Had world tennis number one Andy Murray failed to rise to the top of his chosen sport, he might have become hooked on knitting with mum Judy revealing that both activities demand similar skills.
Concentration, rhythm, timing and attention to detail are essential in both tennis and knitting, says Judy, who is supporting the Scottish Women’s Institutes craft revival campaign.
Hailed as a stress busting, mood-enhancing pastime by Scottish stars getting behind the SWI drive to promote traditional handcrafts, knitting could be just the thing for Andy when his tennis days are over.
In a video showing Judy picking up needles and wool and knitting in support of the SWI the tennis coach says: “What it reminded me of is a lot of things I teach in tennis. It’s great for manual dexterity, great for concentration, it’s great for rhythm, and timing and attention to detail so there you go: tennis and knitting, it’s all the same thing really.”
The SWI has for generations been regarded as the leading organisation for learning, sharing and developing knitting, sewing, embroidery and handcraft expertise. Now, in its centenary year, Scottish personalities are backing the SWI as it leads the charge to bring nimble fingered talents to the fore once again.
ITV presenter Lorraine Kelly and TV presenter Martel Maxwell have also been reminded of the pleasure of knitting by SWI members who sent wool, knitting needles and part-made scarves and encouraged them to have a go.
Lorraine says: “I’m very happy to support the ‘Save Scottish Crafts Campaign’. I learned knitting at school and find it therapeutic and a real stress buster!”
Martel took up the SWI knitting challenge weeks after having her third child, Guthrie, who features in her knitting film clip.
Martel adds: “It takes me back to knitting with my gran, so many fond memories and it got me thinking about the things that really matter. I have three wee boys and knitting can keep my boys warm… save money…and it is really enjoyable.”
With handcrafts are no longer taught in schools and anecdotal evidence suggesting some people cannot tackle basic tasks like sewing a button onto a garment, the SWI fears that handcraft skills could be in danger of dying out.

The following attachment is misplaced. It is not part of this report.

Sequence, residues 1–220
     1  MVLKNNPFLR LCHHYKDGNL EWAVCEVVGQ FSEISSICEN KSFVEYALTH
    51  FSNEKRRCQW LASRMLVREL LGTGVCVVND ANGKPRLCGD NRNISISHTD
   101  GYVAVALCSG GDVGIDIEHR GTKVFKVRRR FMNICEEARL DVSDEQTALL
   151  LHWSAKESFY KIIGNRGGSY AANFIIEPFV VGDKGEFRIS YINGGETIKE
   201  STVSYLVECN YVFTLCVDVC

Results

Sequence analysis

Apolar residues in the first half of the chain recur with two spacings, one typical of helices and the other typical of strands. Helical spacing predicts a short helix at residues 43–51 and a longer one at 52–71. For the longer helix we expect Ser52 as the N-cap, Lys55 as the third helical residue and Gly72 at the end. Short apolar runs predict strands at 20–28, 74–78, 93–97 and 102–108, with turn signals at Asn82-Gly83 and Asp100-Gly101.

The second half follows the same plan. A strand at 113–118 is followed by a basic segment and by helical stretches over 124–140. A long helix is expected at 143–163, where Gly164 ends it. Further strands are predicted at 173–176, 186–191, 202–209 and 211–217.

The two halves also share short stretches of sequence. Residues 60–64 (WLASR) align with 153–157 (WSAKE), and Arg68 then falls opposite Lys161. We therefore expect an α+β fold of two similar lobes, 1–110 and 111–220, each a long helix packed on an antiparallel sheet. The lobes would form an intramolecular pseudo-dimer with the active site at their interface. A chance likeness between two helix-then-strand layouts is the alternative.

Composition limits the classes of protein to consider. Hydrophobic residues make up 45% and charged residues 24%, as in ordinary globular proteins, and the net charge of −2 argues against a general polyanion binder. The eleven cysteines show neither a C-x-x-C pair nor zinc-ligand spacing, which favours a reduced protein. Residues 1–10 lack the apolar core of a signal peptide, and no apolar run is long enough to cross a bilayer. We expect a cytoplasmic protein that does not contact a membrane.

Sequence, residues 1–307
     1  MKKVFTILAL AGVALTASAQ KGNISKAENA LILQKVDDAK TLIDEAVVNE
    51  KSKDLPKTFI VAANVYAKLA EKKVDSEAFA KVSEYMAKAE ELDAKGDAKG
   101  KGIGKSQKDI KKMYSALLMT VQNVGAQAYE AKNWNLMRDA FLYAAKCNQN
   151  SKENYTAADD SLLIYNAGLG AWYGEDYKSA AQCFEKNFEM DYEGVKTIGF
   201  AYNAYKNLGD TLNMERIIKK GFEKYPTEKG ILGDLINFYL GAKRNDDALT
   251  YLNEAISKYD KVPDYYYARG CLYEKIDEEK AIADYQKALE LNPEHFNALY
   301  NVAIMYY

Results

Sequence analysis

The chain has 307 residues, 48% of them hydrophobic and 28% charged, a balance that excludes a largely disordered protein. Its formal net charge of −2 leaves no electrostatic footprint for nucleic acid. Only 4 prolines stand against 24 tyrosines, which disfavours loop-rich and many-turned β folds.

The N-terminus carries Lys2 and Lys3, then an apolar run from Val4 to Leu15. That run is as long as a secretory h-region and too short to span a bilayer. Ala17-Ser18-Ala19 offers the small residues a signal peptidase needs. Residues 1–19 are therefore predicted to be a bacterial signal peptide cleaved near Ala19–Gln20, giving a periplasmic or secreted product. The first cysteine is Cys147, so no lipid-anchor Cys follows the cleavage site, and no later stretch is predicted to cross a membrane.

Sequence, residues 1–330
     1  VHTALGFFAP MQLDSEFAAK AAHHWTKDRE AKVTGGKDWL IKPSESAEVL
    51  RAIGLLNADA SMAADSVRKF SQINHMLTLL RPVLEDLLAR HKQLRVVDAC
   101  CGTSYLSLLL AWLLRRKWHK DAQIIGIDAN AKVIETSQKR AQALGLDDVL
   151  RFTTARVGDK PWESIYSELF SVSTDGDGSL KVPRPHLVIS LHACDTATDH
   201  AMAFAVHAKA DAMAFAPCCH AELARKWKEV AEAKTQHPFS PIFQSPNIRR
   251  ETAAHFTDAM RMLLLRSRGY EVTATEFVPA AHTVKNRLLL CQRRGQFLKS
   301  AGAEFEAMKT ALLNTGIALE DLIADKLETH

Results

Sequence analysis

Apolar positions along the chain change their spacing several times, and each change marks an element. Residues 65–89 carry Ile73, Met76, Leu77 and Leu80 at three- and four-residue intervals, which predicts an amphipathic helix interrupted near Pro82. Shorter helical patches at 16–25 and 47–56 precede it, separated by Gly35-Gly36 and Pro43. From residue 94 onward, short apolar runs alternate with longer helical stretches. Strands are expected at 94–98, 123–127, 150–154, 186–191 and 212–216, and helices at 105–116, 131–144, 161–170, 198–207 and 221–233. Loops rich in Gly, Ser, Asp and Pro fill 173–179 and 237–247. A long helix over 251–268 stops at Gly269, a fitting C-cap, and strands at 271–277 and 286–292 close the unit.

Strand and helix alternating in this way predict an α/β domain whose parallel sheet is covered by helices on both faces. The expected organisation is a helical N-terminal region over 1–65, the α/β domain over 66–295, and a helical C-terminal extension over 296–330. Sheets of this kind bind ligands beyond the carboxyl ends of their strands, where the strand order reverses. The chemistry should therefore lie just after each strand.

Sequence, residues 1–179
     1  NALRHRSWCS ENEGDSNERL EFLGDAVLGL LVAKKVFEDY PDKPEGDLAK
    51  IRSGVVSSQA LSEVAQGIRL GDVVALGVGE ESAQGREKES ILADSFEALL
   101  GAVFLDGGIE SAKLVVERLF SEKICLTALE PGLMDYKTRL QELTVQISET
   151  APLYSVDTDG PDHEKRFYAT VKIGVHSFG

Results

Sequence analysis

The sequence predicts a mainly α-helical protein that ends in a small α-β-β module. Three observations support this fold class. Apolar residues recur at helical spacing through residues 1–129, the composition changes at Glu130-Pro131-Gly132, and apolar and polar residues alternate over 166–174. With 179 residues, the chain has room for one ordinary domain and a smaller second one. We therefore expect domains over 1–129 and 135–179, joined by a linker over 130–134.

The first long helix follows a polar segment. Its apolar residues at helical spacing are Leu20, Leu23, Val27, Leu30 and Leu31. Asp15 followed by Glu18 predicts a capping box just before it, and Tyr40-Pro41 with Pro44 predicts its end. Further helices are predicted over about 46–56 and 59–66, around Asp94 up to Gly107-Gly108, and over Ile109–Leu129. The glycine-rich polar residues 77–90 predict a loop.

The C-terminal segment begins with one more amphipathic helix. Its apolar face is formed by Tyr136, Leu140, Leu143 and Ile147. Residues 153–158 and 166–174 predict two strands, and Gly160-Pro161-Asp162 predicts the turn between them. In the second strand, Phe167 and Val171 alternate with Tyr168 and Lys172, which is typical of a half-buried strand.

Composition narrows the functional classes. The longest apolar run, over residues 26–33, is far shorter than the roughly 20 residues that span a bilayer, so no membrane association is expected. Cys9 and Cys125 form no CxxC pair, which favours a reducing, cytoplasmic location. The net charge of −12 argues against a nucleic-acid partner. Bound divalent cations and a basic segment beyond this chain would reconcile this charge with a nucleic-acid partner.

Yet there is an appetite among women to take up handcrafts: an SWI survey carried out two years ago showed dressmaking, knitting and crochet in the top 10 skills women in Scotland would like to learn. The poll included cooking and arts and crafts among the top skills women would like to develop, other areas in which the SWI is renowned for.
SWI national chairman Christine Hutton said: “We have been promoting education and advancement of Scottish handcrafts since our very foundation 100 years ago.
“It would be a great pity for centuries-old skills to die out and we want to encourage people of all ages to enjoy learning through craft, and help nurture the next generation of craftspeople.
“Many of our own members learned on their mother’s or grandmother’s knee, and have developed and learned techniques supported by fellow members, or by attending specialist courses and tutorials run by the SWI.
“We are keen to widen our net by encouraging others to tap into the knowledge and expertise found within the SWI. Even in this digital age, there is a great deal of pleasure and satisfaction to be had from creating something by hand, in addition to the practical benefits of being able to sew or mend a garment.
“With 712 Institutes we have a huge network in Scotland and every Institute has a member willing to give their time to keep these skills going.”
The SWI wants to encourage anyone who would like to learn and develop handcrafts to come and join them, or to seek out their support for tutorials or skill-sharing events. For more details of how to find your nearest Institute, or how to join online, visit www.theswi.org.uk